According to the IT Act, documents that need to undergo a notarial process or ones that have to be registered with a registrar or sub-registrar can not be e-signed and require a handwritten signature. Such documents include:

  • Negotiable instruments, such as promissory notes or bills of exchange other than a cheque
  • Powers of attorney
  • Trust deeds
  • Wills and any other testamentary disposition
  • Real estate contracts, such as leases or sales agreements

 

What is eStamping?

Stamping is the process of affixing a physical stamp on a document to make it official or legal. The physical stamping process has always been associated with logistic hassles and unnecessary expenses, involving stamping vendors, stamp inventory management, and physical currency exchange. It is effort intensive and causes severe delays, leading to poor productivity and an underwhelming customer experience.

In July 2013, the Indian government launched the eStamping facility to minimize counterfeiting and errors. Consequently, the Central Record Keeping Agency (CRA) for all e-stamps used in the country was established, known as the Stock Holding Corporation of India Limited (SHCIL). It manages user registration and administration, receives applications for stamps, and maintains records. The SHCIL further has authorized collection centers for issuing e-stamp certificates.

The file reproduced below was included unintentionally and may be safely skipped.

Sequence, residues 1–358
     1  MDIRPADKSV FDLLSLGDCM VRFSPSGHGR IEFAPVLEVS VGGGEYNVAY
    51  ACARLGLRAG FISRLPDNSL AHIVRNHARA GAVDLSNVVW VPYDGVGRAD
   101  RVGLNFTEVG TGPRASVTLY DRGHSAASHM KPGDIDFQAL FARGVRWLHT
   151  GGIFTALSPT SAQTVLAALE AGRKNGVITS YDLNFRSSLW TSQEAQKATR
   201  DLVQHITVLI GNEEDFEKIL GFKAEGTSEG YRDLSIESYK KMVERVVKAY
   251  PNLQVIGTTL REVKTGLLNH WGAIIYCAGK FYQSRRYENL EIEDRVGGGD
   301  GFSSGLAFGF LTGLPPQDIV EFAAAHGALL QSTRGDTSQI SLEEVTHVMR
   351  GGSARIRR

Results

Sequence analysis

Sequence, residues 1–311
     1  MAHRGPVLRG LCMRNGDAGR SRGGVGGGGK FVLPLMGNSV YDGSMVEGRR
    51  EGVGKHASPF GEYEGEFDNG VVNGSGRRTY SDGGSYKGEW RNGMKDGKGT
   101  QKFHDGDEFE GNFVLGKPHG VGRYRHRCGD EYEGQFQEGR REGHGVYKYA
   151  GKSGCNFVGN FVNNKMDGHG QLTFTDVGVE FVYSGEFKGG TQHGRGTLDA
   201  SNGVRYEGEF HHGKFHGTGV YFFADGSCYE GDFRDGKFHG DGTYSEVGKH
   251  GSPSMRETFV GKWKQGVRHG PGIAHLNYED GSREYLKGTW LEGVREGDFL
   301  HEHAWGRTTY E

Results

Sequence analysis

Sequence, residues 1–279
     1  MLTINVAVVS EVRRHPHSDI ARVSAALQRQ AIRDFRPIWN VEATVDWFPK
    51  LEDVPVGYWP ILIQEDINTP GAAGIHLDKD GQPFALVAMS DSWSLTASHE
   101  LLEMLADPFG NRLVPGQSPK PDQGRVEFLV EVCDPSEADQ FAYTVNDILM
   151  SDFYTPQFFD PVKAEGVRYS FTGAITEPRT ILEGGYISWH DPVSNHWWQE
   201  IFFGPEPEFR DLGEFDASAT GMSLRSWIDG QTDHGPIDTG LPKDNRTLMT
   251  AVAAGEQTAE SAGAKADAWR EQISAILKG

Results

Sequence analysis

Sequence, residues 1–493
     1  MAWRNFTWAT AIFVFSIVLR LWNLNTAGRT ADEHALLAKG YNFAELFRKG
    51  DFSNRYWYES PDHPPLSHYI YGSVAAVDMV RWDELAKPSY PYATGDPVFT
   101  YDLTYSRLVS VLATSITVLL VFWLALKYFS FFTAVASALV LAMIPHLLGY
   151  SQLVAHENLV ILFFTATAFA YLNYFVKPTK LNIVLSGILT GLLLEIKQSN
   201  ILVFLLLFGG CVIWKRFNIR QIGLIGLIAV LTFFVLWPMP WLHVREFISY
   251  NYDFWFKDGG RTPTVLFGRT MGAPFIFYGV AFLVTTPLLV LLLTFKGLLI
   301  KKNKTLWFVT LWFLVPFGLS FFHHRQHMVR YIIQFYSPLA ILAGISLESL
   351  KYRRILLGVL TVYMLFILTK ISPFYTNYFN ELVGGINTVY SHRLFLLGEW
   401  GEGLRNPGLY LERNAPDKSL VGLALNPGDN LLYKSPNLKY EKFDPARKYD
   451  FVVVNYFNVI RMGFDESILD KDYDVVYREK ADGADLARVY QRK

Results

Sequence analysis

e-Stamp certificates can be issued in minutes, are tamper-proof with a unique identification number (UIN), can be easily verified, and do not require a specific denomination while being issued. With SHCIL’s e-stamping application, users can pay stamp duty online and print the certificates anywhere, anytime. While that has boosted the quality of Government to Citizen Services (G2C), it has also enabled enterprises to execute contracts seamlessly, efficiently, and cost-effectively.

How can Certinal help you streamline eSignatures and eStamping?

Certinal is a trusted, secure, and globally compliant e-signature solution that is fully compliant with the IT Act. It empowers Indian companies to improve the ease of doing business online, boost the security and cost-effectiveness of records, and enhance customer and employee experience. Certinal’s key features include:

  • Meets stringent regulatory and security requirements of the Indian Law.
  • Supports eStamping facility, streamlining the procurement, storage, and affixing of stamp paper online.
  • Encompasses intuitive features, drag-and-drop functionality, and a user-friendly interface.
  • Produces comprehensive audit reports for non-repudiation.
  • Enables bulk signing and approval with bulk consent.
  • Easily integrates with contract lifecycle management, CRM, and other enterprise systems.
  • Offers multiple authentication methods, including email link click authentication, phone OTP, signing password, and account-based authentication.

Read More About eSignature Legality in India.


Schedule a demo today to experience our leading-edge, digital-first eSignature solution built to meet the unique needs of the future-ready Indian enterprise.